Food manufacturing in Singapore is a unique challenge that most other nations do not have. Since 1961, the city-state has ranked last in the world for overall agricultural land per square kilometer. They have ranked last in arable land per hectares since 1981. They have ranked last in per capita agricultural lands per square kilometer since 1961 as well.
Just 0.11% of the labor force in Singapore works within the agricultural sector, according to 2017 figures released by the World Bank. That means a majority of the food industry in Singapore is dedicated to manufacturing and transportation, rather than growing and other forms of production.
This is a challenge which the food industry continues to face. As the population remains centered within its primary urban centers, fewer people are moving out to the arable lands which are available. Vertical urban farming is in its entry-level stages as a segment of the industry. That means the agricultural production within the food industry is not enough to meet the needs of its people.
Important Singapore Food Manufacturing Industry Statistics
#1. The current value of the food and beverages segment in Singapore is $128 million in 2018. That represents a 17.8% increase over figures released for 2017. (Statista)
#2. There are currently 1.5 million users registered by the Singapore food manufacturing industry in 2018. That figure is a 6.5% increase from the year before. (Statista)
#3. The CAGR through 2022 for the industry is expected to be 14.1%. If achieved, this would create a market volume of $216 million for the industry by 2022. (Statista)
#4. User penetration rates for the Singapore food manufacturing industry in 2018 were 25.3%. By 2022, the user penetration rate is expected to reach 30% for the first time. (Statista)
#5. The average per capita revenue generated by the industry was $87.43 in 2018. (Statista)
#6. In 2014, the food manufacturing industry in Singapore contributed S$14.4 billion to the economy. This supported over 296,000 jobs. (Oxford Economics)
#7. Food distribution is the largest segment of the industry, with more than 6,700 retail locations accounting for more than 67% of the contribution to the GDP each year. Food distribution also accounts for 80% of the employment opportunities found in the industry. (Oxford Economics)
#8. Manufacturing, when separated from the overall food industry, creates a S$3.2 billion contribution to the GDP each year, with 38,800 jobs created. (Oxford Economics)
#9. 89% of the taxes paid or collected by the industry are corporation taxes, with the remainder being income tax. In total, employees either paid or collected over S$70 million in tax revenues for the government in 2014. (Oxford Economics)
#10. CPF contributions by employers and employees within the food manufacturing industry totaled S$105 billion in 2014, with 56% of the contributions coming from employees. (Oxford Economics)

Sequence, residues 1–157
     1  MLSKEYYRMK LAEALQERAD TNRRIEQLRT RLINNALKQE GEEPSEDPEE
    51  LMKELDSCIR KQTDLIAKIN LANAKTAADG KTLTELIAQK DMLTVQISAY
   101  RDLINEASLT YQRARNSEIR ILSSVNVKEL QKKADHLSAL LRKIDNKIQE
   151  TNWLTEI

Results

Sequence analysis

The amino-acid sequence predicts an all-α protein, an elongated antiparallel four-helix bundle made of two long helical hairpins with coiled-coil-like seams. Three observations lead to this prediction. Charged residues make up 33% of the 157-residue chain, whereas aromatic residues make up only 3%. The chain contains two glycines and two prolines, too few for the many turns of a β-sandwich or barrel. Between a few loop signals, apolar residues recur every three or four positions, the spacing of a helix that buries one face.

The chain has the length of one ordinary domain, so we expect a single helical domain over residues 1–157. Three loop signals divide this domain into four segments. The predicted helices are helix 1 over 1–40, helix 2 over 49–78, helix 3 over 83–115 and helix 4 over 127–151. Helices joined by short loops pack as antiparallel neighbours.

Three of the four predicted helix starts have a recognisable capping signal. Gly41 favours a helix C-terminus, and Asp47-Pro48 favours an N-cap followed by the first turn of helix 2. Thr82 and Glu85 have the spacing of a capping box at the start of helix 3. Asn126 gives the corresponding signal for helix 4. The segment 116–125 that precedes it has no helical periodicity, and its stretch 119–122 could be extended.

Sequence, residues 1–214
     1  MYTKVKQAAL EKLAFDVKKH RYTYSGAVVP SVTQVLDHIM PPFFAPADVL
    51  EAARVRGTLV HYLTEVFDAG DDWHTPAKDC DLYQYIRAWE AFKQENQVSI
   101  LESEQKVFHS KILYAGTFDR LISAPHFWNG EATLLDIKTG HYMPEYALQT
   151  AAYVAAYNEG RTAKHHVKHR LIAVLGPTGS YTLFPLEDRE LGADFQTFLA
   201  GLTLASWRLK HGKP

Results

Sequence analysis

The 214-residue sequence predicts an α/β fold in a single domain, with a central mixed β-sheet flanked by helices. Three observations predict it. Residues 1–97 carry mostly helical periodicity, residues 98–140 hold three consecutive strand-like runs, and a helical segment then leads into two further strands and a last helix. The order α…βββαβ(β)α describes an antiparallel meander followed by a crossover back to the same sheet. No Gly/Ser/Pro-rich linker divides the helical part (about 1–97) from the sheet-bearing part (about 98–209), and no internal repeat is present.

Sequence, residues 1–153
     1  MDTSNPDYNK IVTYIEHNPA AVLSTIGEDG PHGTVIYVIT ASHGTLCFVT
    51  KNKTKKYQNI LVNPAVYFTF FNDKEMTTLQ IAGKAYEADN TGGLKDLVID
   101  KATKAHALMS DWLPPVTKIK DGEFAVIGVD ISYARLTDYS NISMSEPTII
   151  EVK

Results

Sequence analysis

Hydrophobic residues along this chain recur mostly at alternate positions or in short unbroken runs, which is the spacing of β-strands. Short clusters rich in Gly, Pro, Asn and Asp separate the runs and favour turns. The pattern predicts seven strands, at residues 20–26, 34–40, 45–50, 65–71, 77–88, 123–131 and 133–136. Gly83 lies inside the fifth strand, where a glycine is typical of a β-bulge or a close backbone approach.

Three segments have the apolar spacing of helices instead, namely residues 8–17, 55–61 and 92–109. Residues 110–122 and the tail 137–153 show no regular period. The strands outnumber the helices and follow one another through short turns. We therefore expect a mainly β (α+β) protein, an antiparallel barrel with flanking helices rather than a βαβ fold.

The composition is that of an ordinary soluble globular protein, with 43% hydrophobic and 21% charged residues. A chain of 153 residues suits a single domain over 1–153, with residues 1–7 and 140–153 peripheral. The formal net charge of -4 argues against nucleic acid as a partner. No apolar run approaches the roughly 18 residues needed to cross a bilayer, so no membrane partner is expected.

#11. The food industry spent S$6.6 billion in goods and services inputs globally in 2014, with 51% of the inputs being imported. That is 4 times the rate of food imports of neighboring countries, such as Malaysia and Thailand. (Oxford Economics)
#12. 20% of the food manufacturers’ supply chain in Singapore is dedicated to the wholesale sector. This is followed by business services (15%), transportation and storage (15%), petroleum (11%), and information/communication (8%). (Oxford Economics)
#13. 36% of the induced employment created by the food manufacturing industry in Singapore is within the recreation and community services segment of the economy. Food service activities (21%) come in second, followed by business services (17%), and retail services (6%). (Oxford Economics)
#14. Singapore is the leading importer of food products in the world today. Over 90% of the food that is available in the country for consumption comes from imports. (Agri-Food and Veterinary Authority of Singapore)
#15. Each year, the Singapore food industry is able to produce about 22,000 tons of vegetables from domestic growth efforts. The population consumed over 524,000 tons of vegetables in total, according to figures released in 2016. (Agri-Food and Veterinary Authority of Singapore)
#16. Agricultural production in Singapore is responsible for just 0.5% of the GDP each year. (Agri-Food and Veterinary Authority of Singapore)
#17. Singapore is a high-income economy, with the per capita GDP at more than $55,150. Growth of GDP averages 2%, while inflation was at -0.5% in 2016. (Development Solutions)
Singapore Food Manufacturing Industry Trends and Analysis
Food safety and transportation will continue to be the leading points of emphasis for the overall food-related industries in Singapore. Manufacturing will continue to be a leading segment of this industry, especially as efforts to improve vertical farming and urban gardening continue.
There will always be an emphasis on food safety because of the imported nature of most food products that are available. Look for manufacturers to incorporate a safety emphasis with their products to compete with imports, bringing domestic agricultural products to the market sooner.
Price will always be a challenge for the industry in Singapore. Imported foods are often cheaper and the quality is often better than what can be domestically manufactured. Consumers in Singapore often opt for higher-priced imported goods from the United States, China, and Malaysia because the foods support their lifestyle habits.
Growth opportunities will be found in future years. It all depends on the success of the agricultural industries to determine the full success that the food manufacturing industry in Singapre will be able to achieve.